in the same place, slip-stitch to the part where it commences, as it will seldom be more than a few stitches in advance.
SQUARE CROCHET is a term often used, and generally understood, as the engraved patterns are mostly in it. Lest, however, any of our readers should not be familiar with the name, we will explain it. The squares are either open or close. An open square consists of one d.c., two ch.--missing two on the line beneath, before making the next stitch. A close square has three successive d.c. Thus, any given number of close squares, followed by an open, will have so many times three d.c., and _one over_; and any foundation made for a pattern to be worked in square crochet will have a number of chains divisible by three, leaving one over.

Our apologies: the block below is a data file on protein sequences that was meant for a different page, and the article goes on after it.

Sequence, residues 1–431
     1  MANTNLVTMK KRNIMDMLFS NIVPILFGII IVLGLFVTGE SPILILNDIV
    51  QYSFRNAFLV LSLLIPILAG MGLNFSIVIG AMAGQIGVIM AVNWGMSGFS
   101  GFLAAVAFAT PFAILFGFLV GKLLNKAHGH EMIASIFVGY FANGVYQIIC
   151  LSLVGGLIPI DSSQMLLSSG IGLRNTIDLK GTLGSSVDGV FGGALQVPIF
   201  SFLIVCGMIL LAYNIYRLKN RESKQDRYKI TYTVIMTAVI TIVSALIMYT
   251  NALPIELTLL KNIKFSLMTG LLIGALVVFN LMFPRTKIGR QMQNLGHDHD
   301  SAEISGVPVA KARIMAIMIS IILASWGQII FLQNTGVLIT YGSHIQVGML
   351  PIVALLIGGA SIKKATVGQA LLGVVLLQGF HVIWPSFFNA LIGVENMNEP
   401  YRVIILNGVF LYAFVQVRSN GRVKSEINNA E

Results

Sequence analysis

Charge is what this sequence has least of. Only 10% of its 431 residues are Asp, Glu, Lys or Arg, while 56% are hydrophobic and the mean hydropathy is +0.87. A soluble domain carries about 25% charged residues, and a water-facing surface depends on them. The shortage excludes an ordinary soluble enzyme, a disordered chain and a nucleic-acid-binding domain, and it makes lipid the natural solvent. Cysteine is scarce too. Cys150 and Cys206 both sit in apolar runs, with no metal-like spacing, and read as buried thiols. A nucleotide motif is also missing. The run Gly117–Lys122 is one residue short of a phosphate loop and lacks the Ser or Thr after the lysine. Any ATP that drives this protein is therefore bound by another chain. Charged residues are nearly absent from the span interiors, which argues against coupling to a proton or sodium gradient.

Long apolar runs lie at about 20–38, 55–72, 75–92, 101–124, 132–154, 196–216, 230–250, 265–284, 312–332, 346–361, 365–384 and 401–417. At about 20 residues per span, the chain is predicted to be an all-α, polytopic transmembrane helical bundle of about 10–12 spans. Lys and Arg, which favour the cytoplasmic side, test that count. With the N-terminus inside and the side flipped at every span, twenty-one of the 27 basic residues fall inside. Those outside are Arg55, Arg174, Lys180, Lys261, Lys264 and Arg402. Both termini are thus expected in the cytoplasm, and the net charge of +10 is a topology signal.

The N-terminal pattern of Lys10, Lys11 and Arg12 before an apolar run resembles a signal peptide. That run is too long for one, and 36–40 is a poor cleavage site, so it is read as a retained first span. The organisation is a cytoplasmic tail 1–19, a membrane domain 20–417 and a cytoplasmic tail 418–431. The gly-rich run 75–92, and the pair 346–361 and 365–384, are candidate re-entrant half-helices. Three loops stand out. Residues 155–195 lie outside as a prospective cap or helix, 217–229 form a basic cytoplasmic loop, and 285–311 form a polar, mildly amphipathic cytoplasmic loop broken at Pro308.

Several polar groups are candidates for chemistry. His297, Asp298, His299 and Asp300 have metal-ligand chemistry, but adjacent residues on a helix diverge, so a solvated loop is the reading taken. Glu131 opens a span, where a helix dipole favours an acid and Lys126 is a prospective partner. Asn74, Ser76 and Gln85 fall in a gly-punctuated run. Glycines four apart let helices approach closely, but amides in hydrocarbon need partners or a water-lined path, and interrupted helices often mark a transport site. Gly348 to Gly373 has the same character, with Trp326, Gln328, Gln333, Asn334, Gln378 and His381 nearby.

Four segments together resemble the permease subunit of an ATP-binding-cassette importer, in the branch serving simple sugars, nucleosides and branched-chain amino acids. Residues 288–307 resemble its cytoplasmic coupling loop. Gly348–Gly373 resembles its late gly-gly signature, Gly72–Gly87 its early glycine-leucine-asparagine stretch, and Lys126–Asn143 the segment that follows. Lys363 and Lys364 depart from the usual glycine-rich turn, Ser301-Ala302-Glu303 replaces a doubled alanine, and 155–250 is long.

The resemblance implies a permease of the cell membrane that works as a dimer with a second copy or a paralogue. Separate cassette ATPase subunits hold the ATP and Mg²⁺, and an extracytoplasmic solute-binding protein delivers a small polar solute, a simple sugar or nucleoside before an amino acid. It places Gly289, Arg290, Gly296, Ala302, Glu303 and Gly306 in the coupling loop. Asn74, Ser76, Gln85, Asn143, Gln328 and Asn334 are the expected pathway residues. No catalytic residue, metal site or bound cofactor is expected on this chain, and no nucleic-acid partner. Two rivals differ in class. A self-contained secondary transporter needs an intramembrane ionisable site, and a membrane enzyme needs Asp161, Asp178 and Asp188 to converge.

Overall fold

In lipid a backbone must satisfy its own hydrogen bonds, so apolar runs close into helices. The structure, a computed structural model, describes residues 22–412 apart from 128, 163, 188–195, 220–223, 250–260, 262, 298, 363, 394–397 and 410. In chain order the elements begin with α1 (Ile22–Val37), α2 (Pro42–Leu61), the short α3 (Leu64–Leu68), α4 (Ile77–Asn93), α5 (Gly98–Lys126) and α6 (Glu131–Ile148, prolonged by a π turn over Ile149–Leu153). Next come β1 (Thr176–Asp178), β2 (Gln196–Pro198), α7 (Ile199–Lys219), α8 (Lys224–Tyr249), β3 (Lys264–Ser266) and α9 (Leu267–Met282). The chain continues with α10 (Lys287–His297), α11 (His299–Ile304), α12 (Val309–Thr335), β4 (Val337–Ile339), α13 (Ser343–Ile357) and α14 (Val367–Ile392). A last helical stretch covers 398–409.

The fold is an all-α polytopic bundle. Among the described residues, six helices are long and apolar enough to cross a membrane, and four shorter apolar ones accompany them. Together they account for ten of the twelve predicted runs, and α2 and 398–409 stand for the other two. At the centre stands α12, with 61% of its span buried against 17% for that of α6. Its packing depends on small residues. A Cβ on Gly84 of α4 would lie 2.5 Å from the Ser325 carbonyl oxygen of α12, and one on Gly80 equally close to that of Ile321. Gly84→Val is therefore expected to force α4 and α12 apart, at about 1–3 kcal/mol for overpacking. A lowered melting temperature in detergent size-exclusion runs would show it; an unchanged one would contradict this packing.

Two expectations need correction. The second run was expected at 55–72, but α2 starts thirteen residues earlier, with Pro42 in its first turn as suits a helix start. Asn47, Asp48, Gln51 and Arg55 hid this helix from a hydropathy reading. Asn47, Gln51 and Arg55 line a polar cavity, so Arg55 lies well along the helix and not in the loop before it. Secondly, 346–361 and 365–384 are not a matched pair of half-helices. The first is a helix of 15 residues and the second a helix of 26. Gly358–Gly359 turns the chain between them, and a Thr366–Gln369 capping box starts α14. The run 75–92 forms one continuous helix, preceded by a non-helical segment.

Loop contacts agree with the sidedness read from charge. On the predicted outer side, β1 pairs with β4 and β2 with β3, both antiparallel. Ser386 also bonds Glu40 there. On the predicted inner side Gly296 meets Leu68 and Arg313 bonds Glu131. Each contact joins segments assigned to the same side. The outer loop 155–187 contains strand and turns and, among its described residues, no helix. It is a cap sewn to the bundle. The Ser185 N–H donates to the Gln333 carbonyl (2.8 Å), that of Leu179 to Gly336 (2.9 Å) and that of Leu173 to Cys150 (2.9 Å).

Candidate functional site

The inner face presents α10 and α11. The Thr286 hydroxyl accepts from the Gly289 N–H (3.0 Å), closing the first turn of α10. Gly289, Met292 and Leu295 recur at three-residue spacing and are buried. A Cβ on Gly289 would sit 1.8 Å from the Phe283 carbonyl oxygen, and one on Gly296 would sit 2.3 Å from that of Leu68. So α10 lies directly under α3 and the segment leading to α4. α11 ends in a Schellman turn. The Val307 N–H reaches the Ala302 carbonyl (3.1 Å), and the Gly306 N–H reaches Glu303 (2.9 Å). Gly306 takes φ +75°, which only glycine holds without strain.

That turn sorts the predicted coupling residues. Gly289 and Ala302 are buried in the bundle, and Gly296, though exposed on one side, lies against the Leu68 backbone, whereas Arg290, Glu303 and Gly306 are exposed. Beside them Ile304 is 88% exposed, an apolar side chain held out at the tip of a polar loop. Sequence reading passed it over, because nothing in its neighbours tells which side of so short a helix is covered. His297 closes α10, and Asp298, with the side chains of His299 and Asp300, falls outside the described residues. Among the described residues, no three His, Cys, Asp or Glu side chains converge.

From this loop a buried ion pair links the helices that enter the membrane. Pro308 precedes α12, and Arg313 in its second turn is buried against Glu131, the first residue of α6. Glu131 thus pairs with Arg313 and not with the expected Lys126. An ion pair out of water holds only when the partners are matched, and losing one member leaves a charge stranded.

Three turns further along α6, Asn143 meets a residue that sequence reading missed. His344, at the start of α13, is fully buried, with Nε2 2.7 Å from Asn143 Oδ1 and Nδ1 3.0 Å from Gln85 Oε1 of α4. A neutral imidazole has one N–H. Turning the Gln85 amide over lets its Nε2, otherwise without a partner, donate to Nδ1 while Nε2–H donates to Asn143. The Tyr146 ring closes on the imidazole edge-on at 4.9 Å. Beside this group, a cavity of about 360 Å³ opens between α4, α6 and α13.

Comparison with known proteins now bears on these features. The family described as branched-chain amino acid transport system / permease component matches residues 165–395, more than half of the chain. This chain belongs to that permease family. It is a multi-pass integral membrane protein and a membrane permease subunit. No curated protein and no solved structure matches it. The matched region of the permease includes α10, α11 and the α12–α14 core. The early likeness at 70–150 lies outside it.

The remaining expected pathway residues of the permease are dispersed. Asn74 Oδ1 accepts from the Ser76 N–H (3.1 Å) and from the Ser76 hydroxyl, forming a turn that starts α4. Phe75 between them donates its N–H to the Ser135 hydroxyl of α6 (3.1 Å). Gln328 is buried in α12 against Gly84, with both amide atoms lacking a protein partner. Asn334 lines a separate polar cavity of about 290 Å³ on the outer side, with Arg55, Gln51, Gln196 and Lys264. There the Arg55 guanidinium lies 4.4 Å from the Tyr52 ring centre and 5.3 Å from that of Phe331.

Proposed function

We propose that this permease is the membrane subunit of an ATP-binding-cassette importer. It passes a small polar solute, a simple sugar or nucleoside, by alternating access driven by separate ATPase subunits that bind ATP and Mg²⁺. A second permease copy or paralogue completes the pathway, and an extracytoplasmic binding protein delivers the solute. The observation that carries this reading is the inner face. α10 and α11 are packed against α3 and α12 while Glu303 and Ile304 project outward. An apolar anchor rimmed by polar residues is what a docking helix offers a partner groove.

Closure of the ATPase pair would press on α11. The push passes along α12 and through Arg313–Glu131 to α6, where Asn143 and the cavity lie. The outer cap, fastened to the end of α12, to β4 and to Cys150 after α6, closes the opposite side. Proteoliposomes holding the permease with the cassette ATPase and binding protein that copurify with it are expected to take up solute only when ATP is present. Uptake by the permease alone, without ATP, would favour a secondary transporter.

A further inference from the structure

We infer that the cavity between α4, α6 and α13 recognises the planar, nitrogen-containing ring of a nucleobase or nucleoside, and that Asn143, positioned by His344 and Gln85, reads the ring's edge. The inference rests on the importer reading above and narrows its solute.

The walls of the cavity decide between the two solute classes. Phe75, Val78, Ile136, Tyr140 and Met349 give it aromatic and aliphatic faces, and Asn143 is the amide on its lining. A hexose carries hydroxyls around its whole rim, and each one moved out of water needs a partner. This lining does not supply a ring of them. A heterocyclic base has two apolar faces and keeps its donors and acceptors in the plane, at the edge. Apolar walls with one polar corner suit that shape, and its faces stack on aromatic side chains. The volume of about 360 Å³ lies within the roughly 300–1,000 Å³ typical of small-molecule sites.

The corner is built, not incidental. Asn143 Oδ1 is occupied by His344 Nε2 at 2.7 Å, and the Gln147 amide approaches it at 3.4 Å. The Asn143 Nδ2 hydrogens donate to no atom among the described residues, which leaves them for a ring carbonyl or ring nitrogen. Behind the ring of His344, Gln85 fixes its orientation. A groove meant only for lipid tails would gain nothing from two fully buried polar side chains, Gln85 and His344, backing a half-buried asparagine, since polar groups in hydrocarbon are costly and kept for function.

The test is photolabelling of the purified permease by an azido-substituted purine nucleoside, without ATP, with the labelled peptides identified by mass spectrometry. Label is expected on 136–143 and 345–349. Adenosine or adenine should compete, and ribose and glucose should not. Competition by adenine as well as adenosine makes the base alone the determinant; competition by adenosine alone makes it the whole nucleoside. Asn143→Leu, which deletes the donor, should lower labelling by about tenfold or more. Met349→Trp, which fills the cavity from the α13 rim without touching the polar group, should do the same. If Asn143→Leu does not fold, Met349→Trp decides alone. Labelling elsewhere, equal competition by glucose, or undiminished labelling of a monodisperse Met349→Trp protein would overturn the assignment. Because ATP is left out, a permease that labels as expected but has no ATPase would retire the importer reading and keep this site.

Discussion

TO CONTRACT AN EDGE.--In forming leaves and many other things, this is very useful. It can be done in d.c., t.c., or long t.c. Having twisted the thread round the needle as often as the stitch may require, insert it in the work, and half-do a stitch. Instead o